Think of a Number
I love to create math games almost as much as I love to play them.
My favorite professional project was leading the development of Calculation Nation. And my favorite game on the site is neXtu, though other games on the site may promote more sophisticated mathematical thinking.
I have many reasons to love my wife, not least of which is her creation of the game Dollar Nim. While I can’t take credit for the rules, I will take credit for its analysis and its popularization. (What do you call a wife who makes up a game that gets you a publication credit? A keeper!)
Recently, I’ve been frustrated by the lack of games for teaching algebra. I’ll give props to the good folks at Dragonbox, which uses a game environment to teach algebra. But I’m not yet convinced that it leads to deep algebraic understanding; even they admit “to transfer to pencil and paper, children must be explained how to rewrite equations line by line.” They also claim that “in-house preliminary tests indicate a very high level of transfer to pencil and paper,” but that’s the fox watching the henhouse.
So I’ve been thinking about games I can play with my sons that will allow them to engage in algebraic thinking. But I don’t want them to know they’re engaging in algebraic thinking. I have two criteria for all math games:
- The game mechanics depend on mathematics. The math is not tangential to the game; it is the game.
- Kids don’t realize (or at least they don’t care) that it’s a math game, because it’s fun.
It pains me to write that second criterion, because math is fun. But I know not everyone shares that opinion. So I do my best to disguise any math learning in the game and then, when they least expect it — BOOM! — I drop the bomb and show them what they’ve learned.
So here’s a game I recently devised.
- Player A chooses a number.
- Player B chooses two operations for Player A to perform on the number.
- Player A performs those operations and then tells the result to Player B.
- Player B then tries to identify Player A’s number.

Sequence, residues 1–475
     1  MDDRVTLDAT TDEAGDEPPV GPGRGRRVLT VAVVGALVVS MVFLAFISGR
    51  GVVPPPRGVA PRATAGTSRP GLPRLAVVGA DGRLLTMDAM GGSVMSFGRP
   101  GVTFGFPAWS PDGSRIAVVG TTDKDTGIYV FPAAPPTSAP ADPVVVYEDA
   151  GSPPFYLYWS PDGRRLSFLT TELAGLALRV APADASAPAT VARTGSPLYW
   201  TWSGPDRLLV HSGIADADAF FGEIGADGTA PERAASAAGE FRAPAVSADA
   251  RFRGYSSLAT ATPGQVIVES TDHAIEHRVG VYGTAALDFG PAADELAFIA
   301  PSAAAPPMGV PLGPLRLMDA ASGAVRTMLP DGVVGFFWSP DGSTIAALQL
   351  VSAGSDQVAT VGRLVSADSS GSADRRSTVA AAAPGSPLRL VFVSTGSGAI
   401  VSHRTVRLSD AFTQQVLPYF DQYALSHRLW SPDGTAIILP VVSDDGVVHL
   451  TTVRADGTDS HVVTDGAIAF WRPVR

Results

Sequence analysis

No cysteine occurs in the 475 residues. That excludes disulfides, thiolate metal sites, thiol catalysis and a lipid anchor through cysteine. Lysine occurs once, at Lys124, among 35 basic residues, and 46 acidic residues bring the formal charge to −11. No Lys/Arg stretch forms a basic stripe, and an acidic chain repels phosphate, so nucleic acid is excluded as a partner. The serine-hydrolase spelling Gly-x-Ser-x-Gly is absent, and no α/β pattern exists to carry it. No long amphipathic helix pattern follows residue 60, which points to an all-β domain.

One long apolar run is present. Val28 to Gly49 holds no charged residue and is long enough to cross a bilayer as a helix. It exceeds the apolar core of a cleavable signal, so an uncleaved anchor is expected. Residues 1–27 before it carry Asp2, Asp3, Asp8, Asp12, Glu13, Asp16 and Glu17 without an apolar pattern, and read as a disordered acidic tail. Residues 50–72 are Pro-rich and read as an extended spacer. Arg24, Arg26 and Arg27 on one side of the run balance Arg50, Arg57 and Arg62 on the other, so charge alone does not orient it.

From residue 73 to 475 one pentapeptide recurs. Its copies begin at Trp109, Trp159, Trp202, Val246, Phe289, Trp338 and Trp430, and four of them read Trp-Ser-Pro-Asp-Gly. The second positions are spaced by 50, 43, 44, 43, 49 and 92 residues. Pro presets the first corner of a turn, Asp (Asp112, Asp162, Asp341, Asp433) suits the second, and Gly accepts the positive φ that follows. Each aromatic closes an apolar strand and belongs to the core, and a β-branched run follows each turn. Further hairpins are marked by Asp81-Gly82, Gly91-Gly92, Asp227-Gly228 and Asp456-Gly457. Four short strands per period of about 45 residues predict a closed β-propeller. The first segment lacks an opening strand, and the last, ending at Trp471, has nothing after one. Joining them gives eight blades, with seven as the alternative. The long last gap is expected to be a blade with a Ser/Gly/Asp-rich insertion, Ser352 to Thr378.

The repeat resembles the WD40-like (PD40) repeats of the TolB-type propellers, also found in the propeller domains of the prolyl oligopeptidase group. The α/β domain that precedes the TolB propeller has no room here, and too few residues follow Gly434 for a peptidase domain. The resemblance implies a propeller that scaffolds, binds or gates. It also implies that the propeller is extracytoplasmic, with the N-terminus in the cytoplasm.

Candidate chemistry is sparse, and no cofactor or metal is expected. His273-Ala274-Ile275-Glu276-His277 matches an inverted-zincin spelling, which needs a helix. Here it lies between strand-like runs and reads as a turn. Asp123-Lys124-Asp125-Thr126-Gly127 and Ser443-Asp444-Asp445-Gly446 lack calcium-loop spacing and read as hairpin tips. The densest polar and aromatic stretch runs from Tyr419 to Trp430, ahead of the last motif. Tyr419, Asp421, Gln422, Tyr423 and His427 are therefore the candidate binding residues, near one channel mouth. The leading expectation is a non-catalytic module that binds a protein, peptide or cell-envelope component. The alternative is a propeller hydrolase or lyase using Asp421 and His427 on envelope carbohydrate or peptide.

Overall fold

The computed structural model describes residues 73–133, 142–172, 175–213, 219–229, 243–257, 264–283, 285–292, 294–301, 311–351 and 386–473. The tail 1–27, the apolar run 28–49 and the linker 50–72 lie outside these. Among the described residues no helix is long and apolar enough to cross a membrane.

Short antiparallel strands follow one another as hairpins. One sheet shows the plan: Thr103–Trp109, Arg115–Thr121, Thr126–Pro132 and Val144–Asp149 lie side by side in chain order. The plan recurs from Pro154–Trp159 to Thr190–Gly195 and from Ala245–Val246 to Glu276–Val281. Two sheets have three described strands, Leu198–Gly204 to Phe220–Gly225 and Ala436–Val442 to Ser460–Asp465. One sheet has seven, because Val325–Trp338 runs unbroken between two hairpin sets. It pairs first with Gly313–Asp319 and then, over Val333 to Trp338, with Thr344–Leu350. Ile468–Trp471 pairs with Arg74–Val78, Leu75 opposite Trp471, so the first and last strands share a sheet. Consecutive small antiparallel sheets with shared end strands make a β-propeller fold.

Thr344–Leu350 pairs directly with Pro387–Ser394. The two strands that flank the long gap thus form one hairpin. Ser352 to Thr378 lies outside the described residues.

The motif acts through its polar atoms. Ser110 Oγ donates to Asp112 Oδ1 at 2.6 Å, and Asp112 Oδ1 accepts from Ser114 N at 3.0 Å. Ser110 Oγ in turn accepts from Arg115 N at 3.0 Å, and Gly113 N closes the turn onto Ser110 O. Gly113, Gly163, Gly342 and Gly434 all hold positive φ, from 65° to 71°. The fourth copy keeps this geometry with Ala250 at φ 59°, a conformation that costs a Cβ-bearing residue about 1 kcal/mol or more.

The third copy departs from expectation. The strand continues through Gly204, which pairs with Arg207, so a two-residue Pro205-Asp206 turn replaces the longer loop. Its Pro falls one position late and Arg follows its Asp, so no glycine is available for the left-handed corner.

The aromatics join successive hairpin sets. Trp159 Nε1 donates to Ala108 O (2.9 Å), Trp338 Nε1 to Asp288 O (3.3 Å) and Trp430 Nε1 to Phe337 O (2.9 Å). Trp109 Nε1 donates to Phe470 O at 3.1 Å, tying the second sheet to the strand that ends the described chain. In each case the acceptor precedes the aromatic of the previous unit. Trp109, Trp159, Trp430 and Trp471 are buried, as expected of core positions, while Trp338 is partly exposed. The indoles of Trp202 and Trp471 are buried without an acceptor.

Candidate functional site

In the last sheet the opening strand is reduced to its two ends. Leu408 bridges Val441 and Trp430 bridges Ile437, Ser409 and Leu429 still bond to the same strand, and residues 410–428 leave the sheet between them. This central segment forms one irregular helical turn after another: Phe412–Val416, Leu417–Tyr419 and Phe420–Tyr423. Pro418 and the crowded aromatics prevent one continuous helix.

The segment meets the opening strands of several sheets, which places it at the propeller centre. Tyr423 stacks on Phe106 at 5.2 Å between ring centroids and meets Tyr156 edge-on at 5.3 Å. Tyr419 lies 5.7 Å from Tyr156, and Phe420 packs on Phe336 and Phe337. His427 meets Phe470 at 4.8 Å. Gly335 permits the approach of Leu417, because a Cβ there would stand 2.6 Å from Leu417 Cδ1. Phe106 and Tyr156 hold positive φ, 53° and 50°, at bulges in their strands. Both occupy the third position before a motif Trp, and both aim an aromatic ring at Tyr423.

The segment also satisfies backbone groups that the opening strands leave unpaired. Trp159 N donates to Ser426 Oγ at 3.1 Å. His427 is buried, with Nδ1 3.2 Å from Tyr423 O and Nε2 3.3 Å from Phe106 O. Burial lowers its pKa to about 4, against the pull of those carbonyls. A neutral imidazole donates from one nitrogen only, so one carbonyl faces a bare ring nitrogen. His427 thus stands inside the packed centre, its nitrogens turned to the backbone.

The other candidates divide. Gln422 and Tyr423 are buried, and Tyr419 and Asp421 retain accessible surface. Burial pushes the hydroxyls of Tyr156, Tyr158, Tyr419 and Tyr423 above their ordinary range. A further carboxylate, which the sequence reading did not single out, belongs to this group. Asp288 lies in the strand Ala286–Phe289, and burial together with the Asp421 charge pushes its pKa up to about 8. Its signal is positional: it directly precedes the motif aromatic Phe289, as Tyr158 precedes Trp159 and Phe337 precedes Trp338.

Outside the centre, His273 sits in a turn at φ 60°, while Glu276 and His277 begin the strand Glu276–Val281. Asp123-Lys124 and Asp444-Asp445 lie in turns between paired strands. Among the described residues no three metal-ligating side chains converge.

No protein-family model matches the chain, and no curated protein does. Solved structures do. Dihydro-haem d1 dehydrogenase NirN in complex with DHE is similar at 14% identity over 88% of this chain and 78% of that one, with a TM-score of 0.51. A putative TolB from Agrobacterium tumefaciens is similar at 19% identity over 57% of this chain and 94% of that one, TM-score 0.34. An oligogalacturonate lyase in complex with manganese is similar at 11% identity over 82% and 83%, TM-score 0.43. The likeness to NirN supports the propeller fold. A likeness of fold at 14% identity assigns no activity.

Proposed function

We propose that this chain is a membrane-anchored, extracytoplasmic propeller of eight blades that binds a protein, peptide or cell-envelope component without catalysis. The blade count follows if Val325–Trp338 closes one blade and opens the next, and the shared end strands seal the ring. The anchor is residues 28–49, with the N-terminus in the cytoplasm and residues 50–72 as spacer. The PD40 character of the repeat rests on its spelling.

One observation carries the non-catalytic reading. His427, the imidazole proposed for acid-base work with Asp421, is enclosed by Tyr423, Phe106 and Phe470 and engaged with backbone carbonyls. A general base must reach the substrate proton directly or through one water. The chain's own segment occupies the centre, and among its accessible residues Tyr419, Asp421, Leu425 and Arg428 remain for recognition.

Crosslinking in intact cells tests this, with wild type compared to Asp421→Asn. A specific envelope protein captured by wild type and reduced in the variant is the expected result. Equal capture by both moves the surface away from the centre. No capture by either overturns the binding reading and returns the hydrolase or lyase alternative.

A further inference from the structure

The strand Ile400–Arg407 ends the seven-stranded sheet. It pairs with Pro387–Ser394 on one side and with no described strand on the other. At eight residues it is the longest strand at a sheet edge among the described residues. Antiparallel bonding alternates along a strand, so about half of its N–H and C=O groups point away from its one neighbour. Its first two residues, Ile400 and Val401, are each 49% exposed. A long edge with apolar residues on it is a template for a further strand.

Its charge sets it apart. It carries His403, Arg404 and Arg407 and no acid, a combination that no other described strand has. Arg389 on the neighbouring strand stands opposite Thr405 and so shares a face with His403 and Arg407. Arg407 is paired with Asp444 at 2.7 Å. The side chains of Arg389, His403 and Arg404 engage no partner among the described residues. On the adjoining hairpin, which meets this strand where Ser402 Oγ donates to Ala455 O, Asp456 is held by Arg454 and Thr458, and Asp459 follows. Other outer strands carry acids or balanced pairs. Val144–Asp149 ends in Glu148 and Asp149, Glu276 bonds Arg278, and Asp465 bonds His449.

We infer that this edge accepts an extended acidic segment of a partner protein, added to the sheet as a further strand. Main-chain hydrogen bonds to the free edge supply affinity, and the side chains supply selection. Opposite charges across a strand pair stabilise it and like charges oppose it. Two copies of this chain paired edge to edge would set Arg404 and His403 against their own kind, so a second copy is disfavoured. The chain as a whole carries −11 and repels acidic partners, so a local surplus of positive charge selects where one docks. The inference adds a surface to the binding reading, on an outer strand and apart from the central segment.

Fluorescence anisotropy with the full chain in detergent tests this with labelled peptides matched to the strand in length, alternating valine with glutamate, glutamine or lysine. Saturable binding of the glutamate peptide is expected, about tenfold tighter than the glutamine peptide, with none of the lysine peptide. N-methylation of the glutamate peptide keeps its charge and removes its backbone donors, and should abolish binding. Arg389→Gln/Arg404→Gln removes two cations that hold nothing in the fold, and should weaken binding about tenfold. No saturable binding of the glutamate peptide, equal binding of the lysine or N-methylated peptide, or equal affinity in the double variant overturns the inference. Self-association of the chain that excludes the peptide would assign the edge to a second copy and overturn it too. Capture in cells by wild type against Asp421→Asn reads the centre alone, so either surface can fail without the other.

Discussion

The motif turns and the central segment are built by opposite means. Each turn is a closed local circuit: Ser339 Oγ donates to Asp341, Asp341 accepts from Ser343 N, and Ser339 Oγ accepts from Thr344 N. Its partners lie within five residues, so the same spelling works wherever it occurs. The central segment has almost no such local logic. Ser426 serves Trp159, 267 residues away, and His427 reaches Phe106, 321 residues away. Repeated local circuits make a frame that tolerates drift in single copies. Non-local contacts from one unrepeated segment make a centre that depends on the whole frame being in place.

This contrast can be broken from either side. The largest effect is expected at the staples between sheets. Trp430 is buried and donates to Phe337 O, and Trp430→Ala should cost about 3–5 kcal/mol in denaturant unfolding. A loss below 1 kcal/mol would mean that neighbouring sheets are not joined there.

These rules leave something to be desired, since Player B could simply ask A to “multiply by 1” and then “add 0,” in which case finding A’s number would involve no work whatsoever. To be a stickler, an additional rule could impose that either addition or subtraction can be used exactly once and that no operation can involve either 0 or 1. In a middle school classroom, I suppose I would state such a rule explicitly; for playing this game with my seven-year-old sons, I opted not to.
We played this game three times on the car ride to school yesterday. One game went like this:
- I thought of a number (14).
- Eli asked me to add 3 to my number.
- Alex asked me to multiply by 3.
- I told them the result: 51.
Eli then guessed that my number was 16. He had subtracted 3, then divided by 3.
“No!” said Alex. “You added 3 first, so you need to subtract 9.”
“Why 9?” Eli asked. “Daddy only added 3.”
“But he multiplied by 3, so if you subtract first, you have to subtract 3 × 3.”
Eli then realized that my number was 14.
He thought for a second. “Oh,” he said. “I should have divided by 3 first, then subtracted.”
Wow, I thought. This is going even better than I hoped.
Though they didn’t use the proper terminology, the boys had a great discussion about “undoing” operations by performing inverse operations in reverse order. In 10 minutes, they taught themselves how to solve a two-step equation:
3x + 3 = 51
Grace Kelemanik once said that she knew she was being effective when she didn’t have to say a word. She’d watch from the back of the room as students carried the conversation and guided one another to correct mathematical thinking.
I will never claim to be half the educator that Grace Kelemanik is. But yesterday morning, I was pretty darn effective.
I’d love to hear about math games you’ve played with kids, whether you invented them or not.